I'm not so sure about that. my sample photo above was taken at ISO 25,600. Now, I rarely shoot ANYTHING serious at an ISO level higher than 1600. But my testing indicates I can go MUCH higher than that and still have a usable image. Below, are three higher ISO photos with no noise reduction applied, feel free to try them yourself. The first is ISO 2500, the second is ISO 3200, and the third is 128,000.
P3070055.JPG
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PC000002-iso-3200.JPG
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2020-04-12 14-35-37ISO 12800 023.JPG
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BDR-529

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I'm not so sure about that. my sample photo above was taken at ISO 25,600. Now, I rarely shoot ANYTHING serious at an ISO level higher than 1600. But my testing indicates I can go MUCH higher than that and still have a usable image. Below, are three higher ISO photos with no noise reduction applied, feel free to try them yourself. The first is ISO 2500, the second is ISO 3200, and the third is 128,000.

First one small comment. Extended ISO values are simulated which means that analog amplification has already been maxed out before A/D and "extended" ISO setting just tells the SW to crank up the exposure in the digital domain. Try denoising RAW files directly and it should be soon obvious that using extended ISO ranges will just make images worse, not better.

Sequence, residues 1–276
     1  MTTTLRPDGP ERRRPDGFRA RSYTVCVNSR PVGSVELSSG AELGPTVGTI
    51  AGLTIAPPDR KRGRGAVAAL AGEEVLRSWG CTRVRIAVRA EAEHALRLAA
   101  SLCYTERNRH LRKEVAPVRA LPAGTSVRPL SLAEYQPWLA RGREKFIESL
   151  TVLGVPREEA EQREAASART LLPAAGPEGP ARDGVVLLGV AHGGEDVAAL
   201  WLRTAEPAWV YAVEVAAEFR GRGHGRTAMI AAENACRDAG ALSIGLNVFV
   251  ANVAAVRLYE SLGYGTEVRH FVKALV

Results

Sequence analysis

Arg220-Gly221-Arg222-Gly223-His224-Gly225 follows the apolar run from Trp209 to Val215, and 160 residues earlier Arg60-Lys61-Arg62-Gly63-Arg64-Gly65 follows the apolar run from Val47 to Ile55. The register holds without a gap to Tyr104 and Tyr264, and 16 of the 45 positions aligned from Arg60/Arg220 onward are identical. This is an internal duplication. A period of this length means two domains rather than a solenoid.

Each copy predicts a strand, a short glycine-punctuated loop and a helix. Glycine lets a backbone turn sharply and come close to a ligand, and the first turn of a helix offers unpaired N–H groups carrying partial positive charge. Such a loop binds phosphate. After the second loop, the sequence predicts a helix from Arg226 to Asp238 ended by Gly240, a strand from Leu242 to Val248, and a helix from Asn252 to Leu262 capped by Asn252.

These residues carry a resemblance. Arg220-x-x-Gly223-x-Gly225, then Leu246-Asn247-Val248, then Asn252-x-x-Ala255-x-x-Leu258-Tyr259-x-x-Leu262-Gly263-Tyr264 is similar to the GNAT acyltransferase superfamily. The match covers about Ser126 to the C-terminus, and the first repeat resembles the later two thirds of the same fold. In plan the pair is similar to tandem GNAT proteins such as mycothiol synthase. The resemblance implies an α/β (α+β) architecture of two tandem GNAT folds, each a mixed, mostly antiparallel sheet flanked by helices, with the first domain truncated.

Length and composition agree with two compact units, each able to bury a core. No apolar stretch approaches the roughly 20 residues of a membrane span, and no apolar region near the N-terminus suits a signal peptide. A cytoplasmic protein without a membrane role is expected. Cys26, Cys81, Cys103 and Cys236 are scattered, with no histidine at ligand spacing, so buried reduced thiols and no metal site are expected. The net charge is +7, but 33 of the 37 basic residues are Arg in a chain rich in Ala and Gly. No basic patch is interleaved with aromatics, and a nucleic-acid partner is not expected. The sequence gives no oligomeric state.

Anyways, my point was that no matter how spectacular results AI Denoise does deliver, result will always be a far cry from what you get with the same camera if you are able to shoot with low ISO value. ISO 6400 shot will never become equivalent to ISO 200 and whether it's usable at all depends on the subject. Static pile of coffee beans is a good example where AI denoise really excels but portrait (or human skin in general) is typically on the opposite end of the scale.

That being said, Topaz Denoise AI and equivalents can really save the day if conditions are such that it's either ISO 3200 or no point trying to shoot at all. Depending on subject, result might be totally OK at ISO 3200 and even ISO 6400 if outcome will only be shared in social media in substantially resized resolution. I have come to conclusion that AI Denoise is best used in situations where image is already good "as is" but traditional tools can't totally remove the noise. In this case AI Denoise does really deliver.

One word about RAW filest too. They are not what it says on the box. In reality "raw" files are anything but because camera bodies do apply whoknowswhat NR and DR algorithms on them. Check the manual. If it's possible to switch them off, do so because AI denoise can do a lot better job when somebody has not already messed with the original data.
 
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camera bodies do apply whoknowswhat NR and DR algorithms on them
I do not know of any MFT bodies that apply noise reduction on the RAW files. But some camera brands do this indeed. A particularly "bad" example is the Pentax K-3 iii (APS-C), which applies noise reduction from ISO 200 onwards, and therefore seems to have better ISO performance than full frame cameras (and also better than an "ideal APS-C sensor"). See this chart on Photonstophotos ("triangle down indicates noise reduction"): https://www.photonstophotos.net/Charts/PDR.htm#Ideal APS-C/DX,Pentax K-3 III,Sony ILCE-7M3